What Is Spine Surgery Pain?
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Low back pain is a very common condition experienced by millions of people in the United States. It has been estimated that approximately 85% of the adult population will suffer from some form of back pain during their lifetime. Spinal surgery is also becoming more common. One recent study that looked at spinal surgeries over a ten-year period found that there was a 200% increase in the number of spinal fusion surgeries being performed. Research has also revealed that approximately 200,000 lumbar laminectomies are performed each year in the U.S.
Based on the research that is currently available, researchers have found that the success rates for laminectomies and discectomies is higher than the success rate for spinal fusion surgeries. Pain Medicine published a study that reported that the success rate of lumbar spinal fusions was approximately 10% to 40%, whereas the success rate of discectomies and laminectomies was approximately 75% to 80%. The research has also shown that after the initial spinal surgery, the success rates are significantly reduced.
The International Association for the Study of Pain has defined failed back surgery as “lumbar/cervical pain of an unknown origin that either persists despite surgical intervention or appears after surgical intervention.”
Typical symptoms associated with failed back surgery include a dull ache in the back and/or legs, sharp pain in the limbs, abnormal sensations in the limbs, and a stabbing pain in the back and/or limbs.
Causes Of Spine Surgery PainSpine surgery pain occurs after surgical intervention that is performed to treat various conditions that affect the back. Various factors have been identified that contribute toward a patient’s spinal pain after surgery, including:
- Recurrent disc herniation: This is a very common cause of spinal pain after surgery. Removing part of an intervertebral disc at one spinal level can lead to a weakening, and eventual disc herniation of an intervertebral disc at another spinal level. Patients presenting with this cause of spinal surgery pain will report an initial reduction in pain after surgery, followed by abrupt return of lower extremity pain when the disc herniation occurs.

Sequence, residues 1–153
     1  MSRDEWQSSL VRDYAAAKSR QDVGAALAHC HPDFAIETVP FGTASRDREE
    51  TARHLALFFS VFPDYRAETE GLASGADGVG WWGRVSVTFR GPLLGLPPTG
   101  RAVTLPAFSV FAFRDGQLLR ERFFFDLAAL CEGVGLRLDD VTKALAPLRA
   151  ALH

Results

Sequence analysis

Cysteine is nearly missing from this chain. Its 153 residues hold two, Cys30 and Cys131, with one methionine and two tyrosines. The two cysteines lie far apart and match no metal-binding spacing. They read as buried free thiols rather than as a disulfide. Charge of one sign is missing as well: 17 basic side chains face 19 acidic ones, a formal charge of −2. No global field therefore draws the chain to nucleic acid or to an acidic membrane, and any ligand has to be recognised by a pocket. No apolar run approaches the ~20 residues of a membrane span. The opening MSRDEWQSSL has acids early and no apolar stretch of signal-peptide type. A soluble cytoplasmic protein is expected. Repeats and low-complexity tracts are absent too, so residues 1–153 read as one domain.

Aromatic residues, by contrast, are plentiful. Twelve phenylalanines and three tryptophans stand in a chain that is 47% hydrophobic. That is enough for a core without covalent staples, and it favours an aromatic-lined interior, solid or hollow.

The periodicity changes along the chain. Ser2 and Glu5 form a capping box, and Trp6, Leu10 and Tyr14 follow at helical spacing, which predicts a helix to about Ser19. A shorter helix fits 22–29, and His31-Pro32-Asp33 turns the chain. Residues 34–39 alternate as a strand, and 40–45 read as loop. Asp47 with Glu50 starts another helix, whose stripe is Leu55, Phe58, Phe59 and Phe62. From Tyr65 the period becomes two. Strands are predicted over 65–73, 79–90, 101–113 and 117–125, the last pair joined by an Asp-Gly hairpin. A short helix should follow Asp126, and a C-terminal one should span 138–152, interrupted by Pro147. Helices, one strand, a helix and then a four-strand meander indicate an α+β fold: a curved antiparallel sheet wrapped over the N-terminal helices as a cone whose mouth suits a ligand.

- Fibrosis (scar tissue): Scarring in the epidural region after surgery is common. Preclinical and clinical research has shown that scar tissue is responsible for approximately 20% to 36% of cases of chronic spinal pain after surgical intervention. This build up of scar tissue may interfere with the ability of the spinal structure to manage with degenerative changes, resulting in pain.
- Deconditioning of spinal musculature: All spinal surgeries can potentially alter the weight distribution among the various spinal structures. Alterations of spinal biomechanics can lead to muscular instability and weakened spinal muscles can exacerbate spinal pain. Engaging in a complete physical therapy program can help to reduce the occurrence of muscular deconditioning.
In addition to changes in the spinal structure as the result of surgery, other causes of spinal surgery pain include smoking, spinal stenosis, surgical errors, and infection.
Treatments For Spine Surgery PainWhen a patient presents with chronic spinal pain after spinal surgery, physicians will generally conduct an examination and order imaging studies to determine the source of the pain. Once the cause of a patient’s pain is identified, the physician must develop and implement an effective treatment plan. There are a variety of modalities that are used for the treatment of spine surgery pain, including:
- Medication: Typical pharmacological management of spine surgery pain includes non-steroidal anti-inflammatory drugs (NSAIDs), acetaminophen, tramadol, muscle relaxants, narcotics, as well as antidepressant and anti-convulsant medications.
- Physical therapy: Various studies have shown that when patients suffering with spine surgery pain engage in a physical therapy program they experience decreased pain and improved function. Physical therapists teach patients how to utilize proper body mechanics in an effort to reduce spinal pain. In addition to educating patients on biomechanics, physical therapists will typically use a variety of modalities to help achieve pain relief. These modalities include cold and hot compresses, ultrasound, and electrical stimulation. Additionally, they will develop an exercise plan to help strengthen muscles, thereby helping to reduce spinal pain.
When these techniques fail to provide adequate relief of pain, physicians will turn to other pain relief options including nerve blocks, epidural injections, vertebroplasty, and radiofrequency ablation. These techniques are minimally invasive and can be highly effective for treating chronic spinal pain. Other complementary types of treatment that can be effective for patients suffering with spine surgery pain include chiropractic care, acupuncture, and biofeedback training. Often a combination of treatments will provide optimal pain relief benefits for patients suffering from spine surgery pain.
ConclusionLow back pain is a common condition experienced by many people in the U.S. Over the years, the incidence of spinal surgeries has dramatically increased. While spinal surgery may be effective for providing pain relief for some patients, in some cases patients have persistent pain or develop chronic spinal pain after surgery. This pain is referred to as spine surgery pain or failed back surgery pain. Once the physician has realized that the spinal surgery has failed to relieve a patient’s spinal pain symptoms, they will perform an assessment to determine the source of pain. Once the source of pain is established, an effective treatment plan can be developed and implemented to provide pain relief from this chronic pain condition.
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